To convince high school dropouts to give education another chance, school districts first need to find them. That’s why the Boulder Valley School District is one of three districts partnering with Colorado Youth for a Change on a web-based pilot program, Drop In Colorado, that encourages dropouts and those who know them to make contact via text messages.
Posters, stickers, and hangtags urge those who have dropped out to send a text message to Colorado Youth for a Change, which then provides information about an interactive website where they can see their education options—from a GED program, to online programs, to traditional high schools—and connect to outreach specialists.
“It’s an extension of the work we’ve been so dedicated to: ensuring that all students have an opportunity for a high school diploma,” said Deirdre Pilch, Boulder Valley’s assistant superintendent for school leadership. “It’s another strategy for reaching out to some of our kids who still have the possibility of being graduates.”
Boulder Valley has stepped up its dropout prevention efforts in the last few years.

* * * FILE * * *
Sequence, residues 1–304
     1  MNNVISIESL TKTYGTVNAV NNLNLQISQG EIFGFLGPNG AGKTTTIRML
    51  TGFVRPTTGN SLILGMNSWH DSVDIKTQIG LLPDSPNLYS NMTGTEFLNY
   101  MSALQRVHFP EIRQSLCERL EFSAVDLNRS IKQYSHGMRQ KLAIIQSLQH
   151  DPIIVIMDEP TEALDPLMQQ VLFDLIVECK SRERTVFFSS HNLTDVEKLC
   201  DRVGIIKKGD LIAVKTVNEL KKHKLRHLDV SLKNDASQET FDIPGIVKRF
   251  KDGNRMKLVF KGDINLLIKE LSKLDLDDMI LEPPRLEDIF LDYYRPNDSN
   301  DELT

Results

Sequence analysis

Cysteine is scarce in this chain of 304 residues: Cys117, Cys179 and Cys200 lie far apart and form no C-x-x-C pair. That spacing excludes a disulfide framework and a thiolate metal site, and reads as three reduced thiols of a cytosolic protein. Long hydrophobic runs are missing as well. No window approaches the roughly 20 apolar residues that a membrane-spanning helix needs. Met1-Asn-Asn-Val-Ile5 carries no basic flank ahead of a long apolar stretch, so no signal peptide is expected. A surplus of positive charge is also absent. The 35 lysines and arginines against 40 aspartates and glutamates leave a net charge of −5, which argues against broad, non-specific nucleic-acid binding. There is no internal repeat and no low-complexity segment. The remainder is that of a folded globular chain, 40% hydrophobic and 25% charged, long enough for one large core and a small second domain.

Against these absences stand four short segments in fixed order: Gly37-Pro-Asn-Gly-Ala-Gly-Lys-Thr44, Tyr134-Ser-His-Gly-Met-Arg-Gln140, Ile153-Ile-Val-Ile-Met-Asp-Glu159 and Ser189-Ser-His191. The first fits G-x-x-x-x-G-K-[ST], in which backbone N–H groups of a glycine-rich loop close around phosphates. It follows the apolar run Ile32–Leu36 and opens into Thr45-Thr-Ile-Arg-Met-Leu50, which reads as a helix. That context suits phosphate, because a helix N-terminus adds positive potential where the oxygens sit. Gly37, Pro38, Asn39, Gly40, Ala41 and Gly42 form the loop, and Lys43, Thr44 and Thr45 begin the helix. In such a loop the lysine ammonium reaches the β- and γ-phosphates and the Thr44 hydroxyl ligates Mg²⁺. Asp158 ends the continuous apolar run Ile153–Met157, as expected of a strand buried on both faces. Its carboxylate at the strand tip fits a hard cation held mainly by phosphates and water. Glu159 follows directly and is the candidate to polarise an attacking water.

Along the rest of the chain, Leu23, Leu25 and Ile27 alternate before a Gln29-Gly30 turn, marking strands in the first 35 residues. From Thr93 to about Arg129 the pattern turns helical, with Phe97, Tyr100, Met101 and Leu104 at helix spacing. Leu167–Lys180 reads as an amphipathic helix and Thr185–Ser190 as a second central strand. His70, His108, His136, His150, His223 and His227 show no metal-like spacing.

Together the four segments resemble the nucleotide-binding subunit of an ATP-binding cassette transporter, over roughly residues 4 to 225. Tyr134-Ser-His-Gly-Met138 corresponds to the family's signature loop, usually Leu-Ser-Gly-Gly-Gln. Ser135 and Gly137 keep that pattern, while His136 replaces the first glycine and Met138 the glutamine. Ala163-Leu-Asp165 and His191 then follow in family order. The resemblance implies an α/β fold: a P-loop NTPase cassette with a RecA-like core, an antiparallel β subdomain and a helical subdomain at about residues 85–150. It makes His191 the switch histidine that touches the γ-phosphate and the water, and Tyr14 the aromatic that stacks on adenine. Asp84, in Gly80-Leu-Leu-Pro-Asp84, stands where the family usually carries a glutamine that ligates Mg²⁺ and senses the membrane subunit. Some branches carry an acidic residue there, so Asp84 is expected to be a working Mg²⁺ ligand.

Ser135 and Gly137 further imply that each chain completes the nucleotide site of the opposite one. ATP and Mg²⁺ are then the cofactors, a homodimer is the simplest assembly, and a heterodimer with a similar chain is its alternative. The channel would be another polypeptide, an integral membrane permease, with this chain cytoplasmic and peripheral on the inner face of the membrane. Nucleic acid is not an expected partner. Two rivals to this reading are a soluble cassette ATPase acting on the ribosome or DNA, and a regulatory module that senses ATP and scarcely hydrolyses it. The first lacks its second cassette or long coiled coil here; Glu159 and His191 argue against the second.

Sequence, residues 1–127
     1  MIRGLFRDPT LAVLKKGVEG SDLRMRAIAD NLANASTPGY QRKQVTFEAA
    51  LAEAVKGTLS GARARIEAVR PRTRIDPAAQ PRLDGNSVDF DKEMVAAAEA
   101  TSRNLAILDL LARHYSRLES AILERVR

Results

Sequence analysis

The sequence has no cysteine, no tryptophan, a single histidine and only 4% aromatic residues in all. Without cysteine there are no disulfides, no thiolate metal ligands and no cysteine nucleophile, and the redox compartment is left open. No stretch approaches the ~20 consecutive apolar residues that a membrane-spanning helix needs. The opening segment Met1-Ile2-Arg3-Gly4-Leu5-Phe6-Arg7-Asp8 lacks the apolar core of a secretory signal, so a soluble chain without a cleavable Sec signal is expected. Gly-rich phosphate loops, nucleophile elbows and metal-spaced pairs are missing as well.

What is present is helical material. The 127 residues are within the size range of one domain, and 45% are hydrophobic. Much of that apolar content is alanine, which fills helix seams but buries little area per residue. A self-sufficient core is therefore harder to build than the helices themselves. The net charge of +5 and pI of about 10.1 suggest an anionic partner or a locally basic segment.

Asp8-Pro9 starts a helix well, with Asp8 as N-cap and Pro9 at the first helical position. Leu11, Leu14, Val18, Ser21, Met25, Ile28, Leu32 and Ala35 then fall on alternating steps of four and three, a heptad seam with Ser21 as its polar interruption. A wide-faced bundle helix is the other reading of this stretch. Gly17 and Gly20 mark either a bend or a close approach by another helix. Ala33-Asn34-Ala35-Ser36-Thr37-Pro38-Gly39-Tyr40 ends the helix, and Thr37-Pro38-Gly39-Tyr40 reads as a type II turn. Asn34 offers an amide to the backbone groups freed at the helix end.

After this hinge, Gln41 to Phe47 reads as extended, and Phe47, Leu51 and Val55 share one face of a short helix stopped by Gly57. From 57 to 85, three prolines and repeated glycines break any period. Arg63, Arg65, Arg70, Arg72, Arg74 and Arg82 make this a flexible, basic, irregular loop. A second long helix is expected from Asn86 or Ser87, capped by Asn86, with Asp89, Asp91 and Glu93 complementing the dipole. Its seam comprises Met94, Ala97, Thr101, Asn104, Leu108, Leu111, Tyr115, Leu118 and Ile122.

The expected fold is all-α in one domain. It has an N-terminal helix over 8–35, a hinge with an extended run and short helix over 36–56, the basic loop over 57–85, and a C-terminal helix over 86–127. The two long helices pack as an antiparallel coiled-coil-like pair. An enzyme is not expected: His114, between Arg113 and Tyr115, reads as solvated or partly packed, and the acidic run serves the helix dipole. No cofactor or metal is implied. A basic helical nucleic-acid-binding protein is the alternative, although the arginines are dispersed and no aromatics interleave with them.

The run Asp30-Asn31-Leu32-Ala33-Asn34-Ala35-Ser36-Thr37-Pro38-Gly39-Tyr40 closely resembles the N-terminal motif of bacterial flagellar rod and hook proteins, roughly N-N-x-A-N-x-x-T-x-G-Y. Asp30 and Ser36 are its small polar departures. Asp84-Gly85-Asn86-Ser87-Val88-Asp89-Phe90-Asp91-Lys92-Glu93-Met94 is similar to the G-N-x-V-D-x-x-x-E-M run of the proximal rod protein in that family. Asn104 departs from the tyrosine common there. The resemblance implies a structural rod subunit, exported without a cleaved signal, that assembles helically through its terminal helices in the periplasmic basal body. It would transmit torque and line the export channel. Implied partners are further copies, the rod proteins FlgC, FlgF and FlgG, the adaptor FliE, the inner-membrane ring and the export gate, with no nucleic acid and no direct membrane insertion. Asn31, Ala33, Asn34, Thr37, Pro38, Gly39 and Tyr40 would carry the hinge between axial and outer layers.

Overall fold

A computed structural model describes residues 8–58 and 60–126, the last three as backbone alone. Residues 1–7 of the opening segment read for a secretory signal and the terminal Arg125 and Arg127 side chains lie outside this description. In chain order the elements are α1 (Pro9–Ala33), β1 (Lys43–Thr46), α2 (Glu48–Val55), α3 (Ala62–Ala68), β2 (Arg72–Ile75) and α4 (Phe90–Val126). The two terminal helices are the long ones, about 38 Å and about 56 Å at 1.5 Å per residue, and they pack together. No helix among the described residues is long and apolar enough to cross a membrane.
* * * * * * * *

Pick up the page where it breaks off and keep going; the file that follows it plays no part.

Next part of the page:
The district’s overall dropout rate fell from 1.5 percent in 2009 to 0.8 percent in 2011. The dropout rate for Hispanic students fell from 4.9 percent in 2009 to 2.9 percent in 2011.
The district’s dropout prevention work includes contracting with Colorado Youth for a Change, an organization focused on dropouts. Colorado Youth for a Change, school administrators, and school counselors use the district’s student data system to identify high-schoolers who are behind on credits needed to graduate and then enroll them in credit-recovery programs.
If students aren’t getting what they need at their “home” high school, the district can offer an alternative program at its Arapahoe campus or an online program that allows students more flexibility.
Colorado Youth for a Change also uses the district’s student contact information to track down those who have already dropped out, calling the student’s cell phone, parents, and anyone else listed.
But about 30 percent of dropouts can’t be found—and those are the teens targeted by the new campaign.
Along with Boulder Valley, Denver Public Schools and Aurora Public Schools are participating in the pilot.
Colorado Youth for a Change founder and CEO Steve Dobo said tracking down dropouts is time consuming and difficult. He’s hoping this campaign will prove to be a simpler, less expensive way to re-engage teens who gave up on school.